As more and more companies are (responsibly) enforcing employees to work from home—”WFH” for seasoned remote workers—employees and leaders used to heading to the office are showing some apprehension.
Employees might be worried they’ll be distracted (even though Forrester found that an office environment is also distracting), and company leaders are worried about lost productivity (even though Airtasker found that telecommuters work more 1.4 more days per month than in-office employees).
Despite evidence proving the validity and effectiveness of remote work, some employees are leaders are looking for reassurance and guidance.
Here are some recommendations from other organizations that promote remote work—like the Ideawake Innovation team—on staying productive while WFH.
You have a routine for your “normal” work day, so why shouldn’t develop another one for your “new normal” workday?
The unstructured nature of remote work gives at first gives employees a jolt of excitement, but then the reality sets in: There’s no commute to account for, your daily lunch or walk times are obliterated, and you there’s no dress code.
Overcome the disruption in your rhythm by coming up with a new one. Write your ideal remote work day early in the week, and try to meet that schedule as the week progresses.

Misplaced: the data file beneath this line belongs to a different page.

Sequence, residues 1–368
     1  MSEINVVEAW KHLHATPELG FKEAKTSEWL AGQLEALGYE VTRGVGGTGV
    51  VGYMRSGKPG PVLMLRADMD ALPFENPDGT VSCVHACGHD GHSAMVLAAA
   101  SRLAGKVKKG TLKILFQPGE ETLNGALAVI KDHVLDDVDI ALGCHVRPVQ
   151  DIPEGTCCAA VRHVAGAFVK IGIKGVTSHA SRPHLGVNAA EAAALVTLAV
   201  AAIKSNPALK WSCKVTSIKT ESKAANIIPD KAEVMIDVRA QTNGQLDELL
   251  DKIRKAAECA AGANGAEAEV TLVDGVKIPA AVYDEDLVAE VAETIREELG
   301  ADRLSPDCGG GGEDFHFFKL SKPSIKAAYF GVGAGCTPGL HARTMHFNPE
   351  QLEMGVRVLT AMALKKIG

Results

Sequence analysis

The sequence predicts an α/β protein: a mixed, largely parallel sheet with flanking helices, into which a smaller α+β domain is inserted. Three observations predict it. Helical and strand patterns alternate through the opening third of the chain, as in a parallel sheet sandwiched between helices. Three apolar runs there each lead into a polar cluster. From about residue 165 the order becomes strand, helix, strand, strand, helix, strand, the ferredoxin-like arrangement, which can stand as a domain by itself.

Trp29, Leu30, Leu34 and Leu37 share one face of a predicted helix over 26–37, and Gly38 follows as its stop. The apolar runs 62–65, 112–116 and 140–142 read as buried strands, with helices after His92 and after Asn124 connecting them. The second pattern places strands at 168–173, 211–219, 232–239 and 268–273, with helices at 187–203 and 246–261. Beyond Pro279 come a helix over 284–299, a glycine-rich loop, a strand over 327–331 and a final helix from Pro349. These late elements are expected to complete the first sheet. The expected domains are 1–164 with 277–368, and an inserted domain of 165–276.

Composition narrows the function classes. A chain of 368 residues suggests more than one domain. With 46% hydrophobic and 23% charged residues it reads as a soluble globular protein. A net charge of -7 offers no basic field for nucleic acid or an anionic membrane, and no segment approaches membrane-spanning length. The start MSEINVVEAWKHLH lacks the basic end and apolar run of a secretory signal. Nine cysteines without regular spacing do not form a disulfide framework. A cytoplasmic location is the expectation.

Holding yourself to the same standards you do at the office will help you stay on track for a productive day.
Mentally, physically—whatever gives you a moment of relief and ensures you’re ready for the next task.
While you don’t have built-in break periods, such as grabbing a coffee from the kitchen or eating out for lunch, scheduling breaks at home in, say, five-minute increments can help clear your mind.
As mentioned above, remote work doesn’t have the built-in socialization as office work does. Whereas the break room is a valuable place to connect there aren’t any coworkers to connect with, there aren’t any managers stopping by your space to provide direction.
While you’re likely keeping your peers in the loop on work-related matters via online messaging platforms, such as Slack, you should also use it to recreate some of your not-so-work-related conversations.
Ask people how their days are going, how their weekends went, what things they’re looking forward to, etc. These kinds of conversations happen all the time in an office, but often get left behind while working from home. If you’re managing people remotely, these kinds of conversations remind your team that you’re looking out for them and can help prevent people from feeling like they’re just wheels on a conveyor belt.“Our 6 Secrets for Work-from-Home Success,” Adam Benjamin, Reviews.com
Of course, you shouldn’t abuse the group chat, but staying in touch can really boost morale.
Employee engagement is easier said than done, and it’s hard enough to boost engagement rates in-person at the office.
The novelty of working from home, however, might actually help employees become more engaged.
When workers have a significant amount of time where they get absorbed in their work and time passes quickly. And when you work remotely, you certainly have more of a chance to get absorbed in your work.“Want to work from home more often? New data from Gallup could help convince your boss,” Jena McGregor, Washington Post
Of course, all of these tips are considering you have a platform that encourages effective, real-time communication and engagement. Email and spreadsheets may not be as helpful during this transition in workplace policies.